Easy steps first: make a stock to steep the lobsters in. Keller advises to use a Court Bouillon, which literally translates as “quick stock” and is often used for cooking seafood.

Court Bouillon, Adapted from Ad Hoc at Home

4 leeks (white and green parts only), split lengthwise, washed well, and cut crosswise into 1/2-inch pieces
4 large carrots, peeled and cut into 1/2-inch-thick rounds
3 cups coarsely chopped onions
2 medium fennel bulbs, trimmed and coarsely chopped
4 quarts water
2 cups dry white wine (I used Sauvignon Blanc)
1 cup white wine vinegar
2 lemons, halved

First, combine the chopped vegetables and water and bring to a boil. Then reduce it to a simmer and add the wine and vinegar. Finally, squeeze in the lemon juice, add the lemon halves to the pot, and you’re done!
Court Bouillon is fantastic to use, especially if you’re poaching seafood. Keller recommends steeping the lobsters in the flavored liquid because it adds more flavor and complexity to the meat rather than cooking them in water or steaming them. I definitely agree–– with a strong acidic kick from the wine, vinegar and lemon, the stock brings out the sweetness in the lobster.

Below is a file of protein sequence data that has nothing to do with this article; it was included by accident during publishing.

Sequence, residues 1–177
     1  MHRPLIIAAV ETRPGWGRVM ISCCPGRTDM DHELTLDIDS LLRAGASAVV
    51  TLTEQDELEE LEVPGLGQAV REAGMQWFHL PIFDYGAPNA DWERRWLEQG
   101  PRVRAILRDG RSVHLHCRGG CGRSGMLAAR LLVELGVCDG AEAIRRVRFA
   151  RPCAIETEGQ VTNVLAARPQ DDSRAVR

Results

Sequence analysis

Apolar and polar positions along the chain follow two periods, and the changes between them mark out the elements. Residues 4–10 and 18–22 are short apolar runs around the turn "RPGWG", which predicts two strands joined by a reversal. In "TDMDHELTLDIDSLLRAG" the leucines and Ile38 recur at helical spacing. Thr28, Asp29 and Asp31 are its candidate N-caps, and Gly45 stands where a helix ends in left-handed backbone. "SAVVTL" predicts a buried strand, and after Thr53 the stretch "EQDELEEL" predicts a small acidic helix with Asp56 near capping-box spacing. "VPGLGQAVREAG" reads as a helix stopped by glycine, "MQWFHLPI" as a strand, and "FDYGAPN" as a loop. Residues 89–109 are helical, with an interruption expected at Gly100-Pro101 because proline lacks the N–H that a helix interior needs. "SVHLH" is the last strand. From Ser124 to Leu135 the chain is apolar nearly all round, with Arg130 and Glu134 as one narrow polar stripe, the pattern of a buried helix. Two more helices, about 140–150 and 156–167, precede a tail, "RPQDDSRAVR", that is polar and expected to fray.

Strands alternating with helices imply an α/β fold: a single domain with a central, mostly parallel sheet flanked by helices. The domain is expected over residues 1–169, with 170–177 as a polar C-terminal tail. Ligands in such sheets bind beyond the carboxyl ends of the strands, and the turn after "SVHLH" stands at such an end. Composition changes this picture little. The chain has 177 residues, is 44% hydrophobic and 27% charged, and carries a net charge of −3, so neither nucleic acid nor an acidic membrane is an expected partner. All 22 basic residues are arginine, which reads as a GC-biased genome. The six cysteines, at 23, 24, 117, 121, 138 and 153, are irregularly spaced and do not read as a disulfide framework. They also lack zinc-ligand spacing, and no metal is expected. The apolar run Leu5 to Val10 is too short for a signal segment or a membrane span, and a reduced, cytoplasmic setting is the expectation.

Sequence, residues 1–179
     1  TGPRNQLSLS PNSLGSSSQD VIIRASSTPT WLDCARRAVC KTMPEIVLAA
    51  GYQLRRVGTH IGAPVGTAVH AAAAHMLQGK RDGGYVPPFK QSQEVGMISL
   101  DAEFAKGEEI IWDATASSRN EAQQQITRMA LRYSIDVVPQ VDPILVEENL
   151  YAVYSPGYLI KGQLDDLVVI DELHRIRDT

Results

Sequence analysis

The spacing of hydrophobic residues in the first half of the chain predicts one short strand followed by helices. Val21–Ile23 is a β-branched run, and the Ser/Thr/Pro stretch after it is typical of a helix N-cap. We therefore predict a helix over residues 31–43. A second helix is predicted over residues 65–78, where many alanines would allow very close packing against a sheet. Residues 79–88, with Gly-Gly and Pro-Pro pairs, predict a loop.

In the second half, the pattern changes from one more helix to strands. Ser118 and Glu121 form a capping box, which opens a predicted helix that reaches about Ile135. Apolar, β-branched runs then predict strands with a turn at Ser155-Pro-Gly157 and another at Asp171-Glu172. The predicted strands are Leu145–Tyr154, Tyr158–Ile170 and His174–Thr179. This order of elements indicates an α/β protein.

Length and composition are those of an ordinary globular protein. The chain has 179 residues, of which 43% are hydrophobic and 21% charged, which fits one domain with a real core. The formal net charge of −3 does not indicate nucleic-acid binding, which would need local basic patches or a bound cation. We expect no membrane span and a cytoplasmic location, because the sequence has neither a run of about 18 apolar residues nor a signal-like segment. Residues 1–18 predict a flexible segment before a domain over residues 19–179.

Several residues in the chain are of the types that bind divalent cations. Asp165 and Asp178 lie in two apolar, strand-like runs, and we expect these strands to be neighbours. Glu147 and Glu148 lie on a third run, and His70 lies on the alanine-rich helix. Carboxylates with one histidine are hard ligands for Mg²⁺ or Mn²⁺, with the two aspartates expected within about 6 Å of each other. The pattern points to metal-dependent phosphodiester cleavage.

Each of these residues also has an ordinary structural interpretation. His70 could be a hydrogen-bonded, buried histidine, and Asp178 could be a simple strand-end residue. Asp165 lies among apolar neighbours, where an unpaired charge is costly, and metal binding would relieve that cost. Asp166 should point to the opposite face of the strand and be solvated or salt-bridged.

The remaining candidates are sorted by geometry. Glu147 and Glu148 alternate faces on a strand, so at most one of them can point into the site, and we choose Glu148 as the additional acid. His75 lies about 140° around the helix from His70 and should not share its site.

With the Court Bouillon ready, it was time to cook the lobsters!


I approached the live lobsters with trepidation, and I’m still not sure why. Perhaps it was because Julia and Julia was the last movie I had seen, and I remembered the chaotic lobster cooking scene. Or possibly it was because lobsters reminded me of gigantic forearm-sized cockroaches with giant pincers.

In any case, I needed protection, so I armed myself with every housewife’s first line of defense: a trusty orange rubber glove. My grandma saw me readying myself with the gloves, and she just laughed. Apparently most people just pick up live lobsters with their bare hands?